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Re: Youngest dino remains



In a message dated 3/19/99 7:20:32 PM EST, pharrinj@plu.edu writes:

<< Who cares whether the groups are extant or not?  There are a great many
 known fossil taxa (_Triceratops_, _Gastonia_, _Dicraeosaurus_, etc.) that
 are "manifestly not birds", yet fall inside your definition of birds.>>

We know very little about extinct groups, a lot more about extant groups. It
makes more sense to use higher-level classifications that are anchored to
extant groups than to extinct groups when possible. As a matter of fact, it is
>not at all< manifest that the genera you list aren't birds; they're certainly
more closely related to extant birds than any other extant taxa are. You might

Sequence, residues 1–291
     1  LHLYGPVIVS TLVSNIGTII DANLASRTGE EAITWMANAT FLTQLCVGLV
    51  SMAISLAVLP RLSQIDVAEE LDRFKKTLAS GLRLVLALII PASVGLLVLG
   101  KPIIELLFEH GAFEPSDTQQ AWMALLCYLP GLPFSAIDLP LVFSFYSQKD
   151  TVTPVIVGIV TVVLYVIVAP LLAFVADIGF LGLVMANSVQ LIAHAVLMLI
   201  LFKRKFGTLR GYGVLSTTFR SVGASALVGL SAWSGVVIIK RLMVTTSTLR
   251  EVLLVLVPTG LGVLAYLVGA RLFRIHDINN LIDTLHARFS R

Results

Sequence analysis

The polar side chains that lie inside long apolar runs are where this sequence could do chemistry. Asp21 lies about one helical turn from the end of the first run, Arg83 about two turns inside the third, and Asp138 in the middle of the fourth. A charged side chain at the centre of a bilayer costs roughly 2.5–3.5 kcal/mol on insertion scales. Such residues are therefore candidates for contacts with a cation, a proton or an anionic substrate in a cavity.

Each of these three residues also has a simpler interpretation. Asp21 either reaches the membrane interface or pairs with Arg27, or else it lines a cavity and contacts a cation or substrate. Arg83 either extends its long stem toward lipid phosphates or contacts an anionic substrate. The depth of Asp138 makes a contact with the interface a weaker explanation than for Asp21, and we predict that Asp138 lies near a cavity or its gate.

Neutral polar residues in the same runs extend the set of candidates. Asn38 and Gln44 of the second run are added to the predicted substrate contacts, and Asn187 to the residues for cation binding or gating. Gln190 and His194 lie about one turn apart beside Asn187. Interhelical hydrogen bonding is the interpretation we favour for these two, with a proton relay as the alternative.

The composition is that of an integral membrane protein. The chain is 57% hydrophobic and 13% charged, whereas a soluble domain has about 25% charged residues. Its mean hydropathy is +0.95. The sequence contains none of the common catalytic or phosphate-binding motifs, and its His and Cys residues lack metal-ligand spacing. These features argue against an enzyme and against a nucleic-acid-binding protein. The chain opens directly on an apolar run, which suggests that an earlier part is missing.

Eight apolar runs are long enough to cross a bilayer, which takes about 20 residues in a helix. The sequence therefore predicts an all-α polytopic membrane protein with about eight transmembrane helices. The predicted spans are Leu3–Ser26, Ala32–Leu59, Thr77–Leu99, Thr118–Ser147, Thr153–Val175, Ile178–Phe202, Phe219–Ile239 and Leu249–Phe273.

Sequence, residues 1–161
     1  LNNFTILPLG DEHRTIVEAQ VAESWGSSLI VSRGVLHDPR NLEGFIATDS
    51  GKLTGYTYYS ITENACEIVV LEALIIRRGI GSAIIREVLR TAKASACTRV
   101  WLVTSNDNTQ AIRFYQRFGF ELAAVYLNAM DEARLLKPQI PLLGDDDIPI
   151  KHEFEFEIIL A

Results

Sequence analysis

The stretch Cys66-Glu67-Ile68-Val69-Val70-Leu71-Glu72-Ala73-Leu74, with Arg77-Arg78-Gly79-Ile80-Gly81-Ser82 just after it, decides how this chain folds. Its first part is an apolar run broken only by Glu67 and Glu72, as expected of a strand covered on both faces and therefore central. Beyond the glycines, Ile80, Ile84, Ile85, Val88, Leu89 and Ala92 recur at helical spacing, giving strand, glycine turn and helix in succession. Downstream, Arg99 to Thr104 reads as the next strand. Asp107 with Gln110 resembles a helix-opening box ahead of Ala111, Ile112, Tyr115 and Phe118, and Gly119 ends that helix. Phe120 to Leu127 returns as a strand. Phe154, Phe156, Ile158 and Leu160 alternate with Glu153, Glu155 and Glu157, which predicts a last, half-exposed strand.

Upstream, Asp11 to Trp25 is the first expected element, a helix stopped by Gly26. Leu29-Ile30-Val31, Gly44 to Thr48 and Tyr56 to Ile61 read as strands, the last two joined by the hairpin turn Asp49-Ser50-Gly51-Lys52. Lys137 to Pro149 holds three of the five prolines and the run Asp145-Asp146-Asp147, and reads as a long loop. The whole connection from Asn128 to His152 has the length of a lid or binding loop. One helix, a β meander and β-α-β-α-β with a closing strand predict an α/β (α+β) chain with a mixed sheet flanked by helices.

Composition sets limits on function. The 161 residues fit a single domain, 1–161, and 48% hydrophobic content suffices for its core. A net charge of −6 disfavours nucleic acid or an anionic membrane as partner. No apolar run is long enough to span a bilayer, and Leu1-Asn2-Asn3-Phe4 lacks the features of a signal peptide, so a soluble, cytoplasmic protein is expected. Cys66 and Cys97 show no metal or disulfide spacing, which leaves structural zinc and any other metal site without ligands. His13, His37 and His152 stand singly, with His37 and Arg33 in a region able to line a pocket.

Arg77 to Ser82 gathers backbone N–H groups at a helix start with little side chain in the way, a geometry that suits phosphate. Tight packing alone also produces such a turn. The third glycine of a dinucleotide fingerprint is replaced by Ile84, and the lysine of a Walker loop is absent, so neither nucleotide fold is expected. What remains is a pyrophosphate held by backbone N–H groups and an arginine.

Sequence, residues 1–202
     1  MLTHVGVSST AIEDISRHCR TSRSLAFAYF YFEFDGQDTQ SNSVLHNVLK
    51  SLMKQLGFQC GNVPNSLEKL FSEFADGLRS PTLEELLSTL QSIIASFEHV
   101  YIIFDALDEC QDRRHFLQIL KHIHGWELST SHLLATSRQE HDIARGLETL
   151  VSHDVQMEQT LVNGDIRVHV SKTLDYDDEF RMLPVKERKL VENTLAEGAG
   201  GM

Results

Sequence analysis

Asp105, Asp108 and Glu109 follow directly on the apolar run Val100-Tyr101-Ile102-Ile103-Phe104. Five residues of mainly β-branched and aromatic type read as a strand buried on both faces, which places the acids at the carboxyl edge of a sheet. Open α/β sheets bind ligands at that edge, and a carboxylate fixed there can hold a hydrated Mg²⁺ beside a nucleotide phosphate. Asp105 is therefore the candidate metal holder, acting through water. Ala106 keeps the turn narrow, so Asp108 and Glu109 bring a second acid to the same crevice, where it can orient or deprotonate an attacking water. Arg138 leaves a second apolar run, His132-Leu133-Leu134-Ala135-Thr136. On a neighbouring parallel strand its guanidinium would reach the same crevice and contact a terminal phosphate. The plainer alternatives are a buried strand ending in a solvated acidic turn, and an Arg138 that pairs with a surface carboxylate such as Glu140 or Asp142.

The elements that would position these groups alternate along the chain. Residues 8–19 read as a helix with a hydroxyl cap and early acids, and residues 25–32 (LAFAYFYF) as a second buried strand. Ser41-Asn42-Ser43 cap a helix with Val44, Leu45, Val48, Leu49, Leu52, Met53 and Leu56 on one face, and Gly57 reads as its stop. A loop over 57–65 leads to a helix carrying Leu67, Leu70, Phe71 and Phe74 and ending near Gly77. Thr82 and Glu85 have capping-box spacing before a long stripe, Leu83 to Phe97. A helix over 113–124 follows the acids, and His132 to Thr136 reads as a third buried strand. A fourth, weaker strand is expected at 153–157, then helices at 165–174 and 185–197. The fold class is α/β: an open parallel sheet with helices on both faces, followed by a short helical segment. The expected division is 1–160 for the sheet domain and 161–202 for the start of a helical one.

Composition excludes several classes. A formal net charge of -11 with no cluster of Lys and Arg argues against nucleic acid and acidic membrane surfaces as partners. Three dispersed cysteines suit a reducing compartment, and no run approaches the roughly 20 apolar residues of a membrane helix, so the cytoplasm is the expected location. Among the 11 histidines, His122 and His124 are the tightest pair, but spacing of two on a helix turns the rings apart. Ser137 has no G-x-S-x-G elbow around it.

find it interesting and insightful to think of them as large, very primitive,
heavy-bodied, quadrupedal birds.
 
<< As I have mentioned before, BCF is simply _speculation_ on the physical
 form and lifestyle of some undiscovered common ancestors--the very same
 common ancestors uncovered by cladistics and other phylogenetic methods. >>

BCF is no more speculative than any other hypothesis of bird origins, and it
has a great deal of evidence--anatomical, physical, and phylogenetic--that
supports it. More evidence, I assert, than any competing hypothesis.